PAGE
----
Dasuki and several ex-military chiefs, including a former Chief of Defence Staff, Air Marshal Alex Badeh (retd.); and a former Chief of Air Staff, Air Marshal Adesola Amosu (retd.), had been quizzed and are currently standing trial on charges relating to the alleged fraud.
N30tn – Oil theft, waivers, others
A former Governor of the Central Bank of Nigeria, Prof. Chukwuma Soludo had in 2015 challenged the then Minister of Finance, Dr. Ngozi Okonjo-Iweala, to give account of the N30tn allegedly stolen under her watch.
The former apex bank boss had alleged that the nation was in for a chaotic time as the economy had been grossly mismanaged by the minister. He added that if the prices of crude oil in the international market failed to rebound, Nigeria would face an unprecedented level of economic crisis, with horrible attendant hardships for the citizenry.
“Our public finance is haemorrhaging to the point that estimated over N30tn is missing or stolen or unaccounted for or simply mismanaged,” Soludo said.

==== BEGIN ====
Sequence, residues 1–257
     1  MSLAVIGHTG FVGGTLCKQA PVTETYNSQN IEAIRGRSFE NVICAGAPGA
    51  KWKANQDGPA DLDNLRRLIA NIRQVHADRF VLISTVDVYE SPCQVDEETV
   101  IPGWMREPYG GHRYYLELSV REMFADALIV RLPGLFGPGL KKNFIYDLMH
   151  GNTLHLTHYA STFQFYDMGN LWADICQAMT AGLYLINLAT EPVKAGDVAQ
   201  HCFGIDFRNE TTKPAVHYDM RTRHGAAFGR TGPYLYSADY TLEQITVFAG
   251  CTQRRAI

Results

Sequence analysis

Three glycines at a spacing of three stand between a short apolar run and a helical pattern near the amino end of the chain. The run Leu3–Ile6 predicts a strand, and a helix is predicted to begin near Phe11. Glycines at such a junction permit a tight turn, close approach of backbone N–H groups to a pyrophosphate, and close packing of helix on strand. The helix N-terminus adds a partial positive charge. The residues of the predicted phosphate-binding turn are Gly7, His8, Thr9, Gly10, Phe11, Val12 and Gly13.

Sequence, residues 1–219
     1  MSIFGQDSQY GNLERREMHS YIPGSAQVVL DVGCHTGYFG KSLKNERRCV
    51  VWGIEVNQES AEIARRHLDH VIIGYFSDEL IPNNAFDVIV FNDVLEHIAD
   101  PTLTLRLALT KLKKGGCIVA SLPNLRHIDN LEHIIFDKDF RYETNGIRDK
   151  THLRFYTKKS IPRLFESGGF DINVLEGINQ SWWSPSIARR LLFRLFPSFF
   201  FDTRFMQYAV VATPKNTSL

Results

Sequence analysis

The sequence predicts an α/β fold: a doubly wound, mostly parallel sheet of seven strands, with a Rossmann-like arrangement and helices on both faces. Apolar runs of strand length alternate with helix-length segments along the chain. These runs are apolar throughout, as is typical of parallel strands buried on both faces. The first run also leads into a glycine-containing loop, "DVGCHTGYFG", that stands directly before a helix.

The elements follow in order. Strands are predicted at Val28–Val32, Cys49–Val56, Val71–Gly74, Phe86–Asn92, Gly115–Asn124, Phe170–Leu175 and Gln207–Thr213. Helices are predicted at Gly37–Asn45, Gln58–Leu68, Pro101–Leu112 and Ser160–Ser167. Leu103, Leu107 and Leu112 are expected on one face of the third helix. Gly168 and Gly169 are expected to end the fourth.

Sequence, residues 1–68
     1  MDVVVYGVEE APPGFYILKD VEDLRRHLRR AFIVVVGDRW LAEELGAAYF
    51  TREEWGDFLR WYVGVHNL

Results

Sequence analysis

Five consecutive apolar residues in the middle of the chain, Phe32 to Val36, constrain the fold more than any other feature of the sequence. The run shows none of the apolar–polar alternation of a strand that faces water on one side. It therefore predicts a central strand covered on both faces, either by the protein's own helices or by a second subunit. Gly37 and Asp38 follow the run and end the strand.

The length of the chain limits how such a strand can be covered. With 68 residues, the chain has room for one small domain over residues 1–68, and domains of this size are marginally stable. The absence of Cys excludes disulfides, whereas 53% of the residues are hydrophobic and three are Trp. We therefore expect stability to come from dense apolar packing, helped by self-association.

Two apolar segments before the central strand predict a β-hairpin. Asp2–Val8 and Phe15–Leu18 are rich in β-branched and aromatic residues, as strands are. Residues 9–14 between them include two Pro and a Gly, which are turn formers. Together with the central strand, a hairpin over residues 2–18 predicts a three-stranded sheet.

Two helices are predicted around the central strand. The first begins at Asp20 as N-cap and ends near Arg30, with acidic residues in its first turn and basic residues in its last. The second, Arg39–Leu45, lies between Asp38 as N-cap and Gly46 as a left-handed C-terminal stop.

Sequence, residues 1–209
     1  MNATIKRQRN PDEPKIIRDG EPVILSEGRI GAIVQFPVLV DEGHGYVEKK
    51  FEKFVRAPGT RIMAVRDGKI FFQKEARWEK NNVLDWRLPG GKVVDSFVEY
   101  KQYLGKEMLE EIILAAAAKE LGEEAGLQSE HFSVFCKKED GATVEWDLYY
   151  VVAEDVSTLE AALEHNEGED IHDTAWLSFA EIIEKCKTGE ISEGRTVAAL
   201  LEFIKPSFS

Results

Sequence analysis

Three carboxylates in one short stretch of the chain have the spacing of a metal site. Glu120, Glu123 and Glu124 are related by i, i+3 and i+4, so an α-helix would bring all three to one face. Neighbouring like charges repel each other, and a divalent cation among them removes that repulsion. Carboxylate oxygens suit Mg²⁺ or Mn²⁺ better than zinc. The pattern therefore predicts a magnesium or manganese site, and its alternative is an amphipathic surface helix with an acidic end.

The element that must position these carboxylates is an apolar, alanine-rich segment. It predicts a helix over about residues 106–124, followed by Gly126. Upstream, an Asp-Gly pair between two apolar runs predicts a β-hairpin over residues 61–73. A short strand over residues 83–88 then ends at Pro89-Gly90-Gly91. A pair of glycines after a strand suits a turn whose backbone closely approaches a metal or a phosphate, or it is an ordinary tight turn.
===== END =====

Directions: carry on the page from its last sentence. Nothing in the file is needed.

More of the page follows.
The ex-CBN chief in a piece entitled, ‘Ngozi Okonjo-Iweala and the missing trillions,’ explained how N30tn was allegedly stolen under Okonjo-Iweala’s watch.
He said, “My estimate, madam, is that probably more than N30tn has either been stolen or lost or unaccounted for or simply mismanaged under your watchful eyes in the past four years. Since you claimed to be in charge, Nigerians are right to ask you to account. Think about what this amount could mean for the 112 million poor Nigerians or for our schools, hospitals, roads, etc.
“Soon, you will start asking the citizens to pay this or that tax, while some faceless ‘thieves’ are pocketing over $40m per day from oil alone.”
A Federal High Court in Lagos had last week ordered Okonjo-Iweala to account for the N30tn which Soludo claimed went missing under her watch.
Okonjo-Iweala has repeatedly denied the allegations, claiming they are politically motivated.
N8.5bn, N2.6bn – NIMASA frauds
The EFCC is investigating the current Chief of Logistics, Defence Headquarters, Maj.-Gen. Emmanuel Atewe, for his alleged role in an N8.5bn scam involving the Nigerian Maritime Administration and Safety Agency.